Advice on these five common questions after weight loss surgery


Have you ever heard the saying, "there is no such thing as a silly question?". Ask any member of our multi-disciplinary team and they will reassure you that after weight loss surgery, there really is no such thing as a silly question. In fact, if you are questioning it yourself, then there is a very good chance that someone else in your weight loss community is also contemplating the same thing. We need you to be linking back with your expert team in the post-op and follow up phases to monitor your progress. We also encourage reaching out to fellow patients for reassurance BUT be mindful about HOW you ask these questions and WHO you take the advice from.


Advice from your expert team

Your expert team will draw from their expertise in surgery, nutrition, psychology and medicine to use their experience and evidence to guide you. Through regular follow ups and blood tests your weight, diet and medications will be monitored for deficiencies, possible side effects and issues. While under the care of your team, you will have the best chance of success post weight loss surgery.


Advice from your fellow patients and online groups

Other patients can share their personal experiences with you. Their experiences are very valuable in feeling that you are not the only person navigating life post-surgery and forming new habits after surgery. Remember that each individual's physiology and life experiences are unique to them, so you will find things in common, but you are not the same. If you are meeting people outside of your surgeon's group, then they will have had a different expert team who would have given tailored advice. Taking medical advice from another patient not intended for you is not advised by Dr Wylie and his team.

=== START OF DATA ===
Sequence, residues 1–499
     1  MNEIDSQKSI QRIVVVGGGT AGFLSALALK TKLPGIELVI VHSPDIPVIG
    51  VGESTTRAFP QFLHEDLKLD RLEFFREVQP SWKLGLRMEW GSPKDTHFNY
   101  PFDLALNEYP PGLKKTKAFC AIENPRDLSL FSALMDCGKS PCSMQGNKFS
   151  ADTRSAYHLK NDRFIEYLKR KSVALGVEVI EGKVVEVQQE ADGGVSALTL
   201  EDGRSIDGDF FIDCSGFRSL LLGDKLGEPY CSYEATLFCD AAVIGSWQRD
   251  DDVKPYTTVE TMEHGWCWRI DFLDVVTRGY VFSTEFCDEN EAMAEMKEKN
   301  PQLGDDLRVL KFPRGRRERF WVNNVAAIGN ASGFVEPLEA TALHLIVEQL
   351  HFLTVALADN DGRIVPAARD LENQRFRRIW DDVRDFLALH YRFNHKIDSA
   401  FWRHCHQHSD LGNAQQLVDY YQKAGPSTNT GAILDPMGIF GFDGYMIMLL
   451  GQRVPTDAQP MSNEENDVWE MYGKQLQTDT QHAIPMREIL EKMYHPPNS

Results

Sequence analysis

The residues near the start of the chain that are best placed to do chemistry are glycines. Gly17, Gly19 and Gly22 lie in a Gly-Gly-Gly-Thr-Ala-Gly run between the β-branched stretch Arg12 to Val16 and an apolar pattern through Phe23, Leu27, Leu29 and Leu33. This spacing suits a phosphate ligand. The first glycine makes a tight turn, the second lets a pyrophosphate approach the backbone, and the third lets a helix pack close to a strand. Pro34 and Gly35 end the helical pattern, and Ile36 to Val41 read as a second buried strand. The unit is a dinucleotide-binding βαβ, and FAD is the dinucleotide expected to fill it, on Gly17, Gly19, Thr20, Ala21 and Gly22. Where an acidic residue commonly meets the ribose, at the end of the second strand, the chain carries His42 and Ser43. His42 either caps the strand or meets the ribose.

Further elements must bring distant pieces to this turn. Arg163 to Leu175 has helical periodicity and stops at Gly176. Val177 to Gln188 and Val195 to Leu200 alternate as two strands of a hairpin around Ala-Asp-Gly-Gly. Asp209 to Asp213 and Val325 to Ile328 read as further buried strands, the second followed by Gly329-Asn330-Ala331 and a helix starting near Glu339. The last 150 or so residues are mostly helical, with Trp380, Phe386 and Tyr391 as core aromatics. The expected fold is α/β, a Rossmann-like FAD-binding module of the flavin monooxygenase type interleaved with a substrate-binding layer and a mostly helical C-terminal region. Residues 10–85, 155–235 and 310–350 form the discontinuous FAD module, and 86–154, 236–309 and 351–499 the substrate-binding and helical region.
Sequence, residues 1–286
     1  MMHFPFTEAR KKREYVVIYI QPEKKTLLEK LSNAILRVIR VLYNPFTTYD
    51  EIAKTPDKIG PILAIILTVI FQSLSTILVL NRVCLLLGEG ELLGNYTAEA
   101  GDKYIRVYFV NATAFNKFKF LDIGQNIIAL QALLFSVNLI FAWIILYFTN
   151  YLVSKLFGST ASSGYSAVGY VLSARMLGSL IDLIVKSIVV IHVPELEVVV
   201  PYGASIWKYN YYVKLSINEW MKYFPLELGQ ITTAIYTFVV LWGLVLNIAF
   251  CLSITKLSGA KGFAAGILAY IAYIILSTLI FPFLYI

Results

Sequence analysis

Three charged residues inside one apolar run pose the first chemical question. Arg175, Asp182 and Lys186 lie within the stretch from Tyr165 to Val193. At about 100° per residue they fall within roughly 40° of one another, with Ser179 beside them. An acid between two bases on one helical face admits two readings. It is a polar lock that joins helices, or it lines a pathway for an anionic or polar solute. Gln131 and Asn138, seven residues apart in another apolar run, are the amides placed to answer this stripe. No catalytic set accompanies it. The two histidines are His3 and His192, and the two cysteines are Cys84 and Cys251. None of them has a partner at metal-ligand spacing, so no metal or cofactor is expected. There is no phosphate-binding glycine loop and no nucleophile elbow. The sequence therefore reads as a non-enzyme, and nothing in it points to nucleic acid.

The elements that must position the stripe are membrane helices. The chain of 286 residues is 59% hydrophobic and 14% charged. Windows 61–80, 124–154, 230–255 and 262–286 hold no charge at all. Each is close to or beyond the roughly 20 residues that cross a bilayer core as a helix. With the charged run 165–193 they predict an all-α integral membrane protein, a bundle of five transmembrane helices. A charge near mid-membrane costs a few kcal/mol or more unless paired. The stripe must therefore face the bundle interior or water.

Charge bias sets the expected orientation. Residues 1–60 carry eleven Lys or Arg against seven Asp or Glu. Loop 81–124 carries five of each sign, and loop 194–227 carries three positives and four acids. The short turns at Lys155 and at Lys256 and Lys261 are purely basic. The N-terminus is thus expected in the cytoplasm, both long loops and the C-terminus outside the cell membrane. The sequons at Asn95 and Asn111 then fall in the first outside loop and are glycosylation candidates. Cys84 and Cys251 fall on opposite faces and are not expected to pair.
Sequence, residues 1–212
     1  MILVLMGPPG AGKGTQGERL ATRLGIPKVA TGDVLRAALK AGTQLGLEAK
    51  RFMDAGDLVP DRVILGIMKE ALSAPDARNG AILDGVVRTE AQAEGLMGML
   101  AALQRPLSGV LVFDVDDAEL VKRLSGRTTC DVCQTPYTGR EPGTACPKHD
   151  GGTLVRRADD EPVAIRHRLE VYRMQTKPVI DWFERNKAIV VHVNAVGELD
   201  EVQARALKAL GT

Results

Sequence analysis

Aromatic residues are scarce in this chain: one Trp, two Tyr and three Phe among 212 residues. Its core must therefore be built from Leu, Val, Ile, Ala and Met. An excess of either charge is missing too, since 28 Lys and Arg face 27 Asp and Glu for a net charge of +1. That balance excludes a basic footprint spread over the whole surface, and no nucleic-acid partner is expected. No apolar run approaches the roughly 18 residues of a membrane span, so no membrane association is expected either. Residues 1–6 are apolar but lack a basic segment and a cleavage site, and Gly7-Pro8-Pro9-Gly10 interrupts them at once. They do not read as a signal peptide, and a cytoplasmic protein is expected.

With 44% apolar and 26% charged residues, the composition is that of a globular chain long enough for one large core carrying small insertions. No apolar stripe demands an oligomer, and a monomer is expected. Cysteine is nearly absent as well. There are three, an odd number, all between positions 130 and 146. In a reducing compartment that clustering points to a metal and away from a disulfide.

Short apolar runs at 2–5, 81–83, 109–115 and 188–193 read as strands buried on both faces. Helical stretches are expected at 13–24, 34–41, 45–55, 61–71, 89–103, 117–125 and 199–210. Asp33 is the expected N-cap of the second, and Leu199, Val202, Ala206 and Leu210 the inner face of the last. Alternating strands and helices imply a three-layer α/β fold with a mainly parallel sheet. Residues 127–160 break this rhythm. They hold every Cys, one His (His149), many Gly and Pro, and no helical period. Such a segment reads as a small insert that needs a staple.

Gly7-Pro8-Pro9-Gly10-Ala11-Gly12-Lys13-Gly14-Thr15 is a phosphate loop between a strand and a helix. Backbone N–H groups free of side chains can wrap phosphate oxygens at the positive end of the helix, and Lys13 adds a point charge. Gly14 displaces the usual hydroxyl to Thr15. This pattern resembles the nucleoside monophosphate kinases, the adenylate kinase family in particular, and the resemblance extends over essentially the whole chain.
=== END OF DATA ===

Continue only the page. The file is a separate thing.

Here is a list of 5 common questions we get after bariatric surgery:

  1. Is weight gain normal a month after weight loss surgery?

  2. Is it normal to stall four weeks after surgery?

  3. I can eat more, or less, than half a cup, is that normal?

  4. I can't tolerate water, is that usual?

  5. I am losing weight slower than others, what is wrong?

We like to work with patients to reframe these questions. Most individuals just need reassurance that each journey is unique, it not cause for concern, they will progress past this point and that they are on track. If concerned patients should check in with their expert team between follow ups to see if modifications are needed.


Sticking to the expert advice given to you by your surgeon, GP and dietitian will steer you right through the ups and downs of your weight loss. Remember it is not a sprint and bariatric surgery together with long term diet and exercise behaviour changes are your tools for life long weight maintenance.